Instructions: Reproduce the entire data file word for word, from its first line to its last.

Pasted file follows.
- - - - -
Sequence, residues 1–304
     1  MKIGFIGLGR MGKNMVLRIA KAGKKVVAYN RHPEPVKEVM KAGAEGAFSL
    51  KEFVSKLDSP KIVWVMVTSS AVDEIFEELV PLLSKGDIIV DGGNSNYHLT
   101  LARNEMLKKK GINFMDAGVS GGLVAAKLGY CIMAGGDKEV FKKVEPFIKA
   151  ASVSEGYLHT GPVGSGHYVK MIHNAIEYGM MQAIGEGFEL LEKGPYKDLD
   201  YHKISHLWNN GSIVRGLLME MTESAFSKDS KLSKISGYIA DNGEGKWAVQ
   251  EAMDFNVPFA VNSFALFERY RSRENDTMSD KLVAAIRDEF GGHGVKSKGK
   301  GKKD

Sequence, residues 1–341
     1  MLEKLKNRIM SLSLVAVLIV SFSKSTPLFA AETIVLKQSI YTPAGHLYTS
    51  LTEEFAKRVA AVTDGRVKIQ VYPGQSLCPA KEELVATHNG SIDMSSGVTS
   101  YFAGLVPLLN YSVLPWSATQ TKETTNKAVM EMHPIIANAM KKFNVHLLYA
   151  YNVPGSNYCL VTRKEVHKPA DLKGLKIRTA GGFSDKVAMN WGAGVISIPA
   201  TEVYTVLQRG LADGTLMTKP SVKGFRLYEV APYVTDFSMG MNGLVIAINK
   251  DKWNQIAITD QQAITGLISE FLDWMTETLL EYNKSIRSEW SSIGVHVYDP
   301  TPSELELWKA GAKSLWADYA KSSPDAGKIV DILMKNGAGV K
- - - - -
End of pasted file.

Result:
Sequence, residues 1–304
     1  MKIGFIGLGR MGKNMVLRIA KAGKKVVAYN RHPEPVKEVM KAGAEGAFSL
    51  KEFVSKLDSP KIVWVMVTSS AVDEIFEELV PLLSKGDIIV DGGNSNYHLT
   101  LARNEMLKKK GINFMDAGVS GGLVAAKLGY CIMAGGDKEV FKKVEPFIKA
   151  ASVSEGYLHT GPVGSGHYVK MIHNAIEYGM MQAIGEGFEL LEKGPYKDLD
   201  YHKISHLWNN GSIVRGLLME MTESAFSKDS KLSKISGYIA DNGEGKWAVQ
   251  EAMDFNVPFA VNSFALFERY RSRENDTMSD KLVAAIRDEF GGHGVKSKGK
   301  GKKD

Sequence, residues 1–341
     1  MLEKLKNRIM SLSLVAVLIV SFSKSTPLFA AETIVLKQSI YTPAGHLYTS
    51  LTEEFAKRVA AVTDGRVKIQ VYPGQSLCPA KEELVATHNG SIDMSSGVTS
   101  YFAGLVPLLN YSVLPWSATQ TKETTNKAVM EMHPIIANAM KKFNVHLLYA
   151  YNVPGSNYCL VTRKEVHKPA DLKGLKIRTA GGFSDKVAMN WGAGVISIPA
   201  TEVYTVLQRG LADGTLMTKP SVKGFRLYEV APYVTDFSMG MNGLVIAINK
   251  DKWNQIAITD QQAITGLISE FLDWMTETLL EYNKSIRSEW SSIGVHVYDP
   301  TPSELELWKA GAKSLWADYA KSSPDAGKIV DILMKNGAGV K